Business in China can move very fast, but American companies that want to enter markets in the world’s most populous nation must understand that it moves according to its own cultural patterns and must adapt to those, according to two China veterans who spoke Tuesday evening to the North Carolina Chinese Business Association.
“If you do good work and don’t act like a big, dumb, American jerk,” a good reputation spreads very quickly through industry in China and relations are much easier, Chris James, Cree (Nasdaq: CREE) vice president of strategy and business development, told the audience of about 150 people.
Grace Whi-Tze Ueng, whose Savvy Marketing Group has a Chinese practice to help Americans companies, laid out 10 points the firm has distilled from research into American businesses’ experiences in trying to enter the Chinese market.
Chinese do not engage in drawn-out negotiations about business decisions, James said.
In meetings, “You talk more about non-business things than you do in the U.S.,” James said. “In some ways, it’s a lot easier than doing business in the U.S.”
Research to gain cultural and market knowledge are critical, however.
Cree people had known the family who controlled COTCO Luminant Device Ltd. for some time before COTCO Chairman Paul Lo decided to sell the light-maker to Cree in 2007.
“We got to know them and we were honest,” James said in explaining how a deal with a total value of $320 million over two years was completed in two hours once the decision to sell was made.
“China moves very fast. Make decisions quickly” so talented staff do not become frustrated with American-speed corporate processes and leave, Ueng advised.
Very important, Ueng said, is to research possible Chinese ventures on several levels. China is not a homogeneous society, she said, and understanding “preference by province” is critical to marketing products.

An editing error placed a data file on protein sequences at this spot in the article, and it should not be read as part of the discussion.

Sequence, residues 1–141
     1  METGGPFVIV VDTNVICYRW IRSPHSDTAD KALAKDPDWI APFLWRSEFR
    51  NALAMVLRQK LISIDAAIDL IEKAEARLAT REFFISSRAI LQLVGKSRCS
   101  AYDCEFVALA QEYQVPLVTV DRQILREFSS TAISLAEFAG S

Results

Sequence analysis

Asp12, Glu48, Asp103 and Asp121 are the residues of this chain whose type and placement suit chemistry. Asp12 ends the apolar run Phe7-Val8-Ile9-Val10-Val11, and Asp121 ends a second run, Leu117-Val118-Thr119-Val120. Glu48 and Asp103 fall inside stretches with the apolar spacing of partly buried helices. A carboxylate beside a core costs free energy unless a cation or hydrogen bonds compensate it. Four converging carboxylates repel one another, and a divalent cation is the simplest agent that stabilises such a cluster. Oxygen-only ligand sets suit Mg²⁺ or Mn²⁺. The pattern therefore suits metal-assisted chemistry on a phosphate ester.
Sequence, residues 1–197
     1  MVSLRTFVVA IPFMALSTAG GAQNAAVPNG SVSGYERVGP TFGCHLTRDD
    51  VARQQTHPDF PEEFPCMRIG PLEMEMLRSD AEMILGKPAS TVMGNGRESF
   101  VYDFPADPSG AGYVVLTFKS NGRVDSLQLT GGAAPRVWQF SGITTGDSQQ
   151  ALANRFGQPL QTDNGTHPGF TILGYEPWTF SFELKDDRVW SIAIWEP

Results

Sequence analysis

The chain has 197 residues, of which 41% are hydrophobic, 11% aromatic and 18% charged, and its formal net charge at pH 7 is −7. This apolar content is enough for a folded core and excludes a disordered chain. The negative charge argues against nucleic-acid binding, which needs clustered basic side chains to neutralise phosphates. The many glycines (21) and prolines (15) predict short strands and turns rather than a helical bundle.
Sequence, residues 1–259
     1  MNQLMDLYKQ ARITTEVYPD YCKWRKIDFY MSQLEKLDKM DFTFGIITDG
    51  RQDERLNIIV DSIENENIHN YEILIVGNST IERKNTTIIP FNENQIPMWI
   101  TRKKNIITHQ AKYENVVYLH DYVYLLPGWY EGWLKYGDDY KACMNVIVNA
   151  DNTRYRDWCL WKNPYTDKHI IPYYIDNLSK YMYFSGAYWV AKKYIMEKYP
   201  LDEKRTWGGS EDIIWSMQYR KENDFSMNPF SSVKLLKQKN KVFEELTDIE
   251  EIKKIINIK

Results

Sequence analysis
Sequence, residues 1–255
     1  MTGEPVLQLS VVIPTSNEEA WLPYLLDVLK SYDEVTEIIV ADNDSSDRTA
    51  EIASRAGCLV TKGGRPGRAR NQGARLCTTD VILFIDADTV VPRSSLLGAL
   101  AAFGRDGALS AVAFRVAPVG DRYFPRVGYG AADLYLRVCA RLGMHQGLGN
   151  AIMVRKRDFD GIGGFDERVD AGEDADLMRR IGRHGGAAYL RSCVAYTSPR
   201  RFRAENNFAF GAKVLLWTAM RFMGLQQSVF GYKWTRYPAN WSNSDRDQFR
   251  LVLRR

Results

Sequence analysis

“It’s not just one place you’re going to do your thing in,” Ueng said.
Her firm’s white paper, “Creating a Winning Business in China,” notes that “adapting to local values, tastes and preferences is critical to success.”
One critical step is to prepare executives before they visit China, perhaps even having them learn some Chinese, Ueng said. An uninformed first performance can foreclose plans, said.
She told a story of Microsoft founder Bill Gates meeting a president of China without being culturally prepared and being told to go away until he had learned about Chinese behaviors and culture.
Because he was Bill Gates, “He got a second chance. We won’t,” she said.
Don Hobart, Gov. Beverly Perdue’s chief of staff, asked the audience to let him know if they are working on any Chinese opportunities or are establishing partnerships that could benefit from Perdue’s noting them during a trade mission there Oct. 17 through 21.
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